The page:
The measures came after the country saw its highest ever number of new Covid cases in a single day of 16,364 on Thursday November 11.
Christmas and New Year celebrations have already been cancelled. In Utrecht, organisers have called off its Santa greeting at the annual Sinterklaas party - usually attended by tens of thousands of people - while New Year's Eve fireworks celebrations across the country have been cancelled.
The Czech Republic
On Thursday, the Czech government approved new Covid restrictions banning unvaccinated people from most non-essential indoor places from Monday amid a record surge in cases.
The unvaccinated will no longer be allowed to show negative coronavirus tests in order to attend public events, go to bars and restaurants, visit hairdressers, museums and similar facilities or use hotels.
Only people who are vaccinated or have recently recovered from Covid will remain eligible. There are exceptions for teenagers aged 12 to 18, people whose medical condition doesn’t allow vaccination and people who have been partially vaccinated.
Covid rates vs vaccination rates across Europe
However, unvaccinated people visiting hospitals and nursing homes will be allowed in as long as they show a negative test.
Weekly mandatory testing for non-vaccinated employees of all companies has also been enforced by the government.
The government said the goal of the measures, in place until the end of February, was to encourage people to get jabbed, with Prime Minister Andrej Babis saying: “The situation is serious and we again urge everyone to get vaccinated."
The Czech daily count soared to 22,511 new cases on Tuesday, eclipsing the previous record set on January 7 by almost 5,000 and nearly 8,000 just over a week earlier.
In Slovakia, those who have not been vaccinated will be banned from all non-essential shops and shopping malls from Monday.
They will not be allowed to attend any public events and gatherings and will be required to test twice a week to go to work.
But in the hardest hit parts of the country, restaurants, hotels, and fitness and wellness centres will be closed for everyone.
Prime Minister Eduard Heger called the measures “a lockdown for the unvaccinated” that should be in place for three weeks but the government "will react promptly" if the restrictions "are not effective".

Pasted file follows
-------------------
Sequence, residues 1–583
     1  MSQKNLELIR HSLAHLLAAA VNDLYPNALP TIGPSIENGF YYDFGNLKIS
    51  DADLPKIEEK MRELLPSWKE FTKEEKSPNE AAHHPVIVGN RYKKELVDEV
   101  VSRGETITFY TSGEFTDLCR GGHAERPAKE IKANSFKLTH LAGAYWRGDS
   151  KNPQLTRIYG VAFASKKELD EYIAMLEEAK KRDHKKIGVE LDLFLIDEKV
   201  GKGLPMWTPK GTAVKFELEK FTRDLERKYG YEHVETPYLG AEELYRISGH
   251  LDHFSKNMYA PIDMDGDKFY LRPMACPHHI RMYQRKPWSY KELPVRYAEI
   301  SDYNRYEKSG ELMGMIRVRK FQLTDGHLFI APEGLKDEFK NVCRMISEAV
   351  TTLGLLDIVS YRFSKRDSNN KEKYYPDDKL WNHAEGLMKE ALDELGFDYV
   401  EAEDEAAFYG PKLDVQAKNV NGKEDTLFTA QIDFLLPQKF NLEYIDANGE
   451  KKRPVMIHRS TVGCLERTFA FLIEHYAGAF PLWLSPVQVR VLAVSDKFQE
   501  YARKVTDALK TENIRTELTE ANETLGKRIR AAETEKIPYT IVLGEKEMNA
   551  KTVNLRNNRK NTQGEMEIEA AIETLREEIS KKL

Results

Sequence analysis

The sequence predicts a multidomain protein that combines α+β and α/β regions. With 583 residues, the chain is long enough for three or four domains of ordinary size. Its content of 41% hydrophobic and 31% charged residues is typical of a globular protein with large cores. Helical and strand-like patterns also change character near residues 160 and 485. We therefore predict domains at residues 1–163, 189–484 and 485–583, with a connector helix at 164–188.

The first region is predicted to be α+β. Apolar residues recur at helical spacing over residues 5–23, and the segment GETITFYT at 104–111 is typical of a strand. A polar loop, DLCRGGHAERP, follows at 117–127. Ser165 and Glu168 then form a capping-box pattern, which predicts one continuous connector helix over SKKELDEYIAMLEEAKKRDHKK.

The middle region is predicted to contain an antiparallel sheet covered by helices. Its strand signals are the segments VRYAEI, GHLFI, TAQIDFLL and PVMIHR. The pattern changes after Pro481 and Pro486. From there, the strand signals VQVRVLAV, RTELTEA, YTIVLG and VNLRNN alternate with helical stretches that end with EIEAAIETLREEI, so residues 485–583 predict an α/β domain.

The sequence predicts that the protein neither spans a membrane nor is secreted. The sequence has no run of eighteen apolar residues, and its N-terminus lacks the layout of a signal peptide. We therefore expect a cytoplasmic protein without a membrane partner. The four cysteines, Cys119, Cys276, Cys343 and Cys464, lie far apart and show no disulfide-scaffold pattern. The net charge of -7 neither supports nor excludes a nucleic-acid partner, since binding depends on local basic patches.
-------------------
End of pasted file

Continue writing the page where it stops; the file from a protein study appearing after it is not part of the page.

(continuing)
He said some of the country's hospitals are already overwhelmed.
Ukraine, which has one of Europe's lowest vaccination rates, is setting new records almost daily for Covid infections and deaths.
In an effort to motivate citizens to get vaccinated, President Zelenskyy promised every fully vaccinated Ukrainian a payment of 1,000 hryvnia (about £28) - around 5% of the average monthly wage.
The government has made it mandatory for teachers, doctors, government employees and other groups of workers to be fully vaccinated by December 1.
Passengers must also now show proof of vaccinations or negative test results when boarding planes, trains and long-distance buses.
Will the UK be next to bring back a lockdown? ITV News Health Editor Emily Morgan explains why the answer is likely to be no
Only 21% of the country's 41 million people have been fully vaccinated.
Doctors complain that the country has been swept by a wave of false rumours about "implantation of chips" and that vaccines cause infertility and disease, while the black market has been thriving with fake Covid vaccination documents.
This is against a backdrop of an underfunded medical system, with one doctor explaining he has been forced to work 42 hours straight.
Dr Oleksandr Molchanov, an anesthesiologist-reanimatologist, told AP: "There are more and more patients, patients are in more severe conditions, we are working to our human limit."
"Every death leaves a mark on us," he added. "Some get new grey hair, some unstable mental conditions. It's hard every time. We are not robots, we are not made of steel."
Leaders implemented a curfew this month for those who do not have a Covid pass in Romania.
Anyone who cannot show proof of vaccination, recent recovery from the virus or a negative test must stay at home between the hours of 10pm and 5am.
Although infections have since dropped slightly, hospitals remain overwhelmed and medics are "exhausted financially, physically and psychologically," said doctor Catalin Cirstoiu.
In recent days, the bodies of those who died from Covid-19 lined a hallway at the main hospital in Bucharest because there was no more room in the morgue.
Part of a waiting room was transformed into an emergency ward, with the raising of a plastic sheet.
Dr Cirstoiu, the head of the Bucharest university emergency hospital, told the Associated Press: “A village vanishes daily in Romania. What about in a week or a month? A larger village? Or a city? Where do we stop?"
He insisted that “had 70% of the population been vaccinated, we wouldn’t have had a fourth wave."